Next Article in Journal
Heritage-Based Water Harvesting Solutions
Previous Article in Journal
Influence of Environmental and Anthropogenic Factors on Microbial Ecology and Sanitary Threat in the Final Stretch of the Brda River
Article Menu
Issue 5 (May) cover image

Export Article

Open AccessArticle

Growth and Nutrient Removal Efficiency of Sweet Wormwood (Artemisia annua) in a Recirculating Aquaculture System for Nile Tilapia (Oreochromis niloticus)

1
Institute of Hydrobiology and Aquatic Ecosystem Management, University of Natural Resources and Life Sciences, 1180 Vienna, Austria
2
Department of Fisheries and Natural Resources, Maseno University, Private Bag, Maseno 40105, Kenya
3
Division of Livestock Sciences, University of Natural Resources and Life Sciences (BOKU), 1180 Vienna, Austria
4
Department of Biological Sciences, University of Eldoret, 1125, Eldoret 30100, Kenya
5
Department of Zoology, Entomology and Fisheries Sciences, Makerere University, Kampala 7062, Uganda
*
Author to whom correspondence should be addressed.
Water 2019, 11(5), 923; https://doi.org/10.3390/w11050923
Received: 20 March 2019 / Revised: 22 April 2019 / Accepted: 23 April 2019 / Published: 1 May 2019
(This article belongs to the Section Water Quality and Ecosystems)
  |  
PDF [927 KB, uploaded 1 May 2019]
  |  

Abstract

The maintenance of optimal water quality for fish production is one of the major challenges in aquaculture. Aquaponic systems can improve the quality of water for fish by removing the undesirable wastes and in turn produce a second marketable crop. However, there is no information on the growth and nutrient removal capability of Artemisia annua in aquaponic systems. This study evaluated the effect of plant density on water quality, the growth of A. annua and Oreochromis niloticus in a small scale aquaponic system in Kenya. The aquaponic system consisted of three treatments representing different plant densities (D1: 48 plants/m2, D2: 24 plants/m2 and D3:0 plants/m2). The high plant density system contributed significantly (p < 0.05) to the removal of all nutrients. The removal efficiency of ammonia was significantly higher in D1 (64.1 ± 14.7%) than in D2 (44.5 ± 6.8%) and D3 (38.0 ± 12.1%). Nitrates and nitrites were inconsistent, whereas phosphorus increased gradually in all treatments. The productivity of plants was higher in D1 than D2. Fish growth rates were significantly higher in D1 (0.35 ± 0.03 g/d) and D2 (0.32 ± 0.02 g/d) than in D3 (0.22 ± 0.04 g/d). The results show that A. annua can be cultivated in aquaponic systems due to its nitrogen removal capabilities. View Full-Text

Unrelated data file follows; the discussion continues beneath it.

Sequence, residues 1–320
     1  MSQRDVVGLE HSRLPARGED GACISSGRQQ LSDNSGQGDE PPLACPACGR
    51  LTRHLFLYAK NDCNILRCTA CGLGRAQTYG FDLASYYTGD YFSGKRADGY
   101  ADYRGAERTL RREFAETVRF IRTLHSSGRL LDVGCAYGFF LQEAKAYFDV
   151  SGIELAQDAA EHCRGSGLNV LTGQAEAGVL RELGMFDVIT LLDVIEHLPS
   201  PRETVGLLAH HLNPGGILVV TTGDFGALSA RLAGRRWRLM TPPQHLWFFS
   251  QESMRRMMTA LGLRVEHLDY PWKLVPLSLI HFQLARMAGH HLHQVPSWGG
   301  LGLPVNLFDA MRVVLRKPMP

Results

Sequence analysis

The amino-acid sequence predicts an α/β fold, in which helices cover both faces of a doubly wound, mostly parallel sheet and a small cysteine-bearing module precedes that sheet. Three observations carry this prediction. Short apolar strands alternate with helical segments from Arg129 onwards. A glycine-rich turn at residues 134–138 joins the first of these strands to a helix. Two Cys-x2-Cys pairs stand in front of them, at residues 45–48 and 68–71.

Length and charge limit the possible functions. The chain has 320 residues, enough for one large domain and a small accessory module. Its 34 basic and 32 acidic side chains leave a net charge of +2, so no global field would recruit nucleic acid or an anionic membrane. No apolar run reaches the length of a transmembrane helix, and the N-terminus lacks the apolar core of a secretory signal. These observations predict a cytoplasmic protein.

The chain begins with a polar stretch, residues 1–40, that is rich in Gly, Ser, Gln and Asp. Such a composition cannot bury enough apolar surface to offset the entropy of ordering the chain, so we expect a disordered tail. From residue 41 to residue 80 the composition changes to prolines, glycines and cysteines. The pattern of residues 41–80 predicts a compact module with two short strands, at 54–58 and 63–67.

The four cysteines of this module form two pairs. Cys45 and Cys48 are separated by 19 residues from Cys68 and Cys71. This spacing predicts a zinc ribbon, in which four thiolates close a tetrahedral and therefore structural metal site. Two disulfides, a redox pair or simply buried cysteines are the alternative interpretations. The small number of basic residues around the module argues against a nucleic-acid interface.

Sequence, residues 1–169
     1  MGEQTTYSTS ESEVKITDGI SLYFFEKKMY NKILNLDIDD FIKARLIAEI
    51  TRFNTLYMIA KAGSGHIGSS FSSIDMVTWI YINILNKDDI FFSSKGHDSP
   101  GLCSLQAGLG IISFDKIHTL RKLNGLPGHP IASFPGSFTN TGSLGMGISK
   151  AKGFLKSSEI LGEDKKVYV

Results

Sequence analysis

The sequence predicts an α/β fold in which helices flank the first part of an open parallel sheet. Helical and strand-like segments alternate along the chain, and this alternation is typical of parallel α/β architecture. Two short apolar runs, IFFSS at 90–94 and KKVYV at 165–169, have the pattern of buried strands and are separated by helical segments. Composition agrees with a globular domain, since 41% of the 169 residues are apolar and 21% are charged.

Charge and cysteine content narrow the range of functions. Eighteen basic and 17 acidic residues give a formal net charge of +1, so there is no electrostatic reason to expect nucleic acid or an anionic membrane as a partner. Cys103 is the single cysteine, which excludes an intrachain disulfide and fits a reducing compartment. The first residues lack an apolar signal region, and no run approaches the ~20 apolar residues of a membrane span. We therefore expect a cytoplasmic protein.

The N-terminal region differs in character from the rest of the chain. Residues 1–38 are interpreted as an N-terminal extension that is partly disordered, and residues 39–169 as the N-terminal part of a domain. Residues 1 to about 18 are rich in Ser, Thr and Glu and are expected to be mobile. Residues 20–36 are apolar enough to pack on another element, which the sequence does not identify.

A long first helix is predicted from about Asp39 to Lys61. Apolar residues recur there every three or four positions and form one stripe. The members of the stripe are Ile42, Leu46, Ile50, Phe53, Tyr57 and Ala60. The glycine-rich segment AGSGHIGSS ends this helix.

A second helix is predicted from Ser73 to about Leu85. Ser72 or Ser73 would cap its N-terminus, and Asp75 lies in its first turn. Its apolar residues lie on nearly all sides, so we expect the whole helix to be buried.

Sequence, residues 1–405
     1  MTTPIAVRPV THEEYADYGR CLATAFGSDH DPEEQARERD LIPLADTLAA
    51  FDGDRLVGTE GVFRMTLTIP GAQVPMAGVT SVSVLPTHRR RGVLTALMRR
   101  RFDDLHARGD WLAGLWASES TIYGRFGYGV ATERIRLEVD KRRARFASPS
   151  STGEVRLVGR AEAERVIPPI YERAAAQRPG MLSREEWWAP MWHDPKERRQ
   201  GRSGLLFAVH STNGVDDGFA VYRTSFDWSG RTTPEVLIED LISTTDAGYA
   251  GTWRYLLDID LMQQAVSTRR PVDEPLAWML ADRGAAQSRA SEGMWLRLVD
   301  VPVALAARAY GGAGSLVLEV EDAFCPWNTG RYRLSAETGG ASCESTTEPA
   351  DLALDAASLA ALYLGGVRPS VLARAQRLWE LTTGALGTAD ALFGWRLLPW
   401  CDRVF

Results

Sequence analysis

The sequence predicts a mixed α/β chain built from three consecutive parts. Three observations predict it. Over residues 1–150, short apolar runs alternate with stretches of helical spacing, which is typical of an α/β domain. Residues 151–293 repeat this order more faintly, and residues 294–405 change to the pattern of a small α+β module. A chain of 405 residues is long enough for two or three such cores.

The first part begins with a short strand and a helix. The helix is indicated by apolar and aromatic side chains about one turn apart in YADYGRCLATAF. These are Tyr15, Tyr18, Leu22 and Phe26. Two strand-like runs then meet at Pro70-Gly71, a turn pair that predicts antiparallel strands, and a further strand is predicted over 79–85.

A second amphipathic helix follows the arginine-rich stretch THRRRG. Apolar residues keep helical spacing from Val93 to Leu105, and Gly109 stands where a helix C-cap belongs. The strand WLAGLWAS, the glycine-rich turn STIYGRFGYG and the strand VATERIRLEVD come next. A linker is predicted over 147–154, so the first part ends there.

Keywords: aquaponics system; denitrification; Nile tilapia; nitrification; plant density aquaponics system; denitrification; Nile tilapia; nitrification; plant density
Figures

Figure 1

This is an open access article distributed under the Creative Commons Attribution License which permits unrestricted use, distribution, and reproduction in any medium, provided the original work is properly cited (CC BY 4.0).
SciFeed

Share & Cite This Article

MDPI and ACS Style

Gichana, Z.; Meulenbroek, P.; Ogello, E.; Drexler, S.; Zollitsch, W.; Liti, D.; Akoll, P.; Waidbacher, H. Growth and Nutrient Removal Efficiency of Sweet Wormwood (Artemisia annua) in a Recirculating Aquaculture System for Nile Tilapia (Oreochromis niloticus). Water 2019, 11, 923.

Show more citation formats Show less citations formats

Note that from the first issue of 2016, MDPI journals use article numbers instead of page numbers. See further details here.

Related Articles

Article Metrics

Article Access Statistics

1

Comments

[Return to top]
Water EISSN 2073-4441 Published by MDPI AG, Basel, Switzerland RSS E-Mail Table of Contents Alert
Back to Top